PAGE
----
We eventually arrived at our upgraded lodge, by the name of AA. Yes, really. As in Alcoholics Anonymous, but actually representing Asia Africa. I was dumbstruck, awestruck by the serendipity of the situation since I am a recovering alcoholic A quintessentially Kenyan experience: anything can and will happen. Just you wait and see.
After a very late lunch and an ice-cold beer for Allan — water for me, of course — followed by a dip in the Serengeti-set swimming pool, we embarked on our first game run into the park. Like most of Kenya, the Maasai Mara is in a drought, with cattle and humans in full-blown crisis. The tension between the game park, wildlife and the Maasai people at a breaking point. Still, we felt welcome on the land that has been home to man and beast for thousands of years.
As fate would have it, at the exact minute we crossed into the protected area, the skies opened up. Rain came in torrents (even hailing for a bit) and turned the dirt road into a muddy river. Just before nightfall, the rain stopped and we traversed slowly across the soaked plains until we spotted movement in the bush. What was it? We waited and watched until a lioness and her three cubs emerged from the brush to enjoy the cool evening light. As rare a sight as the rain itself.
After the best night sleep I’ve ever had, with the sound of hyena wailing in the distance, we started our second day with an early morning stop at a Maasai village. Our guide, named David, introduced us to life in his community and the values his people have held sacred for eons. The warriors brought my son David into their fold — putting a blanket around his shoulders and showing him how to dance and jump. (Vertical height, as we learned, is in indication of male virility.) Inside, I was invited to dance with the women of the village and met a mama named Nancy who gave me the moniker bracelet right off her arm. In turn, I gave her the sandals in my bag.
Before leaving the village, we bartered for a few souvenirs. The head bargainer was quite keen to instruct me in the ways of negotiation. He started with a price for our selection, then told me to give him a number. “Now my turn,” he’d say. “Now your turn.” Back and forth ten times until we inevitably landed on the same number to our mutual “surprise” and satisfaction. The elders watched with approval and applause.
With full hearts and hands, we headed back into the Mara Game Park for an entire day of animal spotting. Joshua presented us with a picnic lunch which we enjoyed in the vehicle parked under an acacia tree where a leopard was napping with the remains of his antelope breakfast. Everywhere we looked, the miracle of life and death was waiting for us: a newborn elephant clinging closely to his mother; a fallen zebra being consumed by lion cubs; zebra young and old; giraffe tall and cheetah cubs small.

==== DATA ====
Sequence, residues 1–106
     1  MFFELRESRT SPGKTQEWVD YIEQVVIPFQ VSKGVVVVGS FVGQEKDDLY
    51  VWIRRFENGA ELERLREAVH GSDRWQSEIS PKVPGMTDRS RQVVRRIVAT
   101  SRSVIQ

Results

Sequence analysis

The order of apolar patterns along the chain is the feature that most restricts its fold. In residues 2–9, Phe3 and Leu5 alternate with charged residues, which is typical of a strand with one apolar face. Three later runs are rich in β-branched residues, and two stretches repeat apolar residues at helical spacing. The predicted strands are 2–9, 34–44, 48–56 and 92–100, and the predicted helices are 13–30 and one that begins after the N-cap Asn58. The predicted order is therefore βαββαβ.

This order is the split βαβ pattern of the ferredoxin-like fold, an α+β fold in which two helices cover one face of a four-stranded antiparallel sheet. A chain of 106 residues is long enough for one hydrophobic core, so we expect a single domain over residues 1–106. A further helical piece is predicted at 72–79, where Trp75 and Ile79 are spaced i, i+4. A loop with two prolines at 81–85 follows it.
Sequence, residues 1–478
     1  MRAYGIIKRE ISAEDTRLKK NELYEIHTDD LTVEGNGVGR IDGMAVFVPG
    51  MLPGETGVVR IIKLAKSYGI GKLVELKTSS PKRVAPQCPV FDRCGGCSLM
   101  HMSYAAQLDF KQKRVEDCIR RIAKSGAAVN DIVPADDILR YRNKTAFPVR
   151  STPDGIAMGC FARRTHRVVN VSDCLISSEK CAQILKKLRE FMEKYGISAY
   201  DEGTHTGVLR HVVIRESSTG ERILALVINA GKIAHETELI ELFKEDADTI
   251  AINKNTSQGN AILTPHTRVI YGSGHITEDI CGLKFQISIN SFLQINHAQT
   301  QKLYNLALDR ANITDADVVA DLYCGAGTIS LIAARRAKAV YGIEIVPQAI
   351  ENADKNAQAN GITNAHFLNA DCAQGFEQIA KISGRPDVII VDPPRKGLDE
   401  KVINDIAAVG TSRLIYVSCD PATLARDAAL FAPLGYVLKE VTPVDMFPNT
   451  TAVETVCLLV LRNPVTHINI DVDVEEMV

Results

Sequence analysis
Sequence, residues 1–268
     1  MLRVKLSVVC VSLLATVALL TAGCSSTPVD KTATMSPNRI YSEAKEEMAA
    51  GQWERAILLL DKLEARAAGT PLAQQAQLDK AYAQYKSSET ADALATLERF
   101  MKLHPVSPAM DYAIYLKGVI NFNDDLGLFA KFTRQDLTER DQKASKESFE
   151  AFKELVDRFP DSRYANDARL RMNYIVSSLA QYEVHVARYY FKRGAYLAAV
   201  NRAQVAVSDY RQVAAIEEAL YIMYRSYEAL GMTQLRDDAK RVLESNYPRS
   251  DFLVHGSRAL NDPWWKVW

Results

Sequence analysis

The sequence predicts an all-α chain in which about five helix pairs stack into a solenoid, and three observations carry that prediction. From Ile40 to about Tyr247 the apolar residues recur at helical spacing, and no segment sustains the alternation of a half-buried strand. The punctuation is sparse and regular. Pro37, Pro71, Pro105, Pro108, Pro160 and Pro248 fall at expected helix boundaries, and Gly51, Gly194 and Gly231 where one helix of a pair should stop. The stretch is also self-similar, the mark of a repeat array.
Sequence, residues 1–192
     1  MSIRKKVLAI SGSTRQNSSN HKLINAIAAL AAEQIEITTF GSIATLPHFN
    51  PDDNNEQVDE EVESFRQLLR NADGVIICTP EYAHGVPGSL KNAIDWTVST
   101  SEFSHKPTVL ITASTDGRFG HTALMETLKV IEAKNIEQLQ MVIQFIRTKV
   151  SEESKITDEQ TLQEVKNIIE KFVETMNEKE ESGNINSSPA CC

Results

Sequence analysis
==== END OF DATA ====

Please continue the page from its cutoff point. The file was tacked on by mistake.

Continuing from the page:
At the Mara River, we were treated to a walkabout with no less than the Game Warden himself. With an automatic rifle slung over his shoulder — protection against poachers and human kidnappers, NOT wild animals — he led us to a view of hippos and crocodiles. He also gave us the sad news that only 16 (or less) rhinoceros are left in the 583-square-mile entire conservancy.
Needless to say, we did not see a single one of those creatures on our safari. Nor did we see many other Americans since Kenya is on the state department’s travel warning list on account of kidnappers and possible terrorists. I will say, for the record, that I have never felt more safe or more welcomed anywhere in my entire life. When my time on earth comes to an end, I want my human remains to scattered in the place where time and mankind first began. The place where I, too, learned what it means to be alive in the world.
We crawled into our beds shortly after dark, mosquito netting already in place as part of the evening turndown service at AA Lodge. While David and Allan drifted off to sleep, I wondered what the next leg of our trip would bring — the visit to my former school 300 kilometers and seven hours away from the Mara, near the shores of Lake Victoria.
Whatever it is, I reminded myself, would be worth the wait.